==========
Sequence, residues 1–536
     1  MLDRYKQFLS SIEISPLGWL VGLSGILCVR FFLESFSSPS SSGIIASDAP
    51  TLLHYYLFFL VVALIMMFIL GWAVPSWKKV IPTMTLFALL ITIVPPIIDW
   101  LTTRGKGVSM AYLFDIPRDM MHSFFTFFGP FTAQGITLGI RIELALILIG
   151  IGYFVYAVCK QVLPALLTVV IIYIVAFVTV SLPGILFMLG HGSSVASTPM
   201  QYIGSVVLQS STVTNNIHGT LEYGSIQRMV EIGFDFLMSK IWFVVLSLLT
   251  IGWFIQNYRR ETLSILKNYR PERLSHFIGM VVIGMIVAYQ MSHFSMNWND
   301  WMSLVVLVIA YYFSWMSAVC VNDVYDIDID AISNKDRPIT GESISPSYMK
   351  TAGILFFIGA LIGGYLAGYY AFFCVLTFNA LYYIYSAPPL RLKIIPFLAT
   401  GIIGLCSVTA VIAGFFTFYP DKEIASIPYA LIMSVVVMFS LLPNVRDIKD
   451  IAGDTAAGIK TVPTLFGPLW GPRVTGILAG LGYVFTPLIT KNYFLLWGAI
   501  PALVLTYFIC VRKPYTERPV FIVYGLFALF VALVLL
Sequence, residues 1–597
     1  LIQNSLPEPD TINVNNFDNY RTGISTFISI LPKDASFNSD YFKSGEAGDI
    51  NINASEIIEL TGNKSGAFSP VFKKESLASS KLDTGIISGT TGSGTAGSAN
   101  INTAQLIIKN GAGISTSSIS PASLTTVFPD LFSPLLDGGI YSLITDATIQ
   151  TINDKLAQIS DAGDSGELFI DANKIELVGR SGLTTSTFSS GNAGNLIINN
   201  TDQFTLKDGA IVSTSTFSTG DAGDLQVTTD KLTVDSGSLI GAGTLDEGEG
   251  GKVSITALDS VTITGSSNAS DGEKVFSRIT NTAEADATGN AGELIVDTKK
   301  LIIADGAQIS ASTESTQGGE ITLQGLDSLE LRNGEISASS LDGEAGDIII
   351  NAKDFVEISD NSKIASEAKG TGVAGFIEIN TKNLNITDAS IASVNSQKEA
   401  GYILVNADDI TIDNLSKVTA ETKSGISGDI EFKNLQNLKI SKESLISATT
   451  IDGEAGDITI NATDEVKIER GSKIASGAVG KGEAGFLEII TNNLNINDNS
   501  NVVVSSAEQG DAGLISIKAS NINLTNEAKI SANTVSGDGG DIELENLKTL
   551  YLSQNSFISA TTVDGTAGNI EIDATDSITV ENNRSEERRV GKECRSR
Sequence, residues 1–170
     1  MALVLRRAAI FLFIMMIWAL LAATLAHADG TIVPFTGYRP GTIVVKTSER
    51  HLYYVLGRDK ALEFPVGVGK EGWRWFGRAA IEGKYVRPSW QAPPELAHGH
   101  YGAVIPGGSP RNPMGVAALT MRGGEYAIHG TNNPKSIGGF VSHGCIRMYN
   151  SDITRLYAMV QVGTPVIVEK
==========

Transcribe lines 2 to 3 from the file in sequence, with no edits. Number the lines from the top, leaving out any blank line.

     1  MLDRYKQFLS SIEISPLGWL VGLSGILCVR FFLESFSSPS SSGIIASDAP
    51  TLLHYYLFFL VVALIMMFIL GWAVPSWKKV IPTMTLFALL ITIVPPIIDW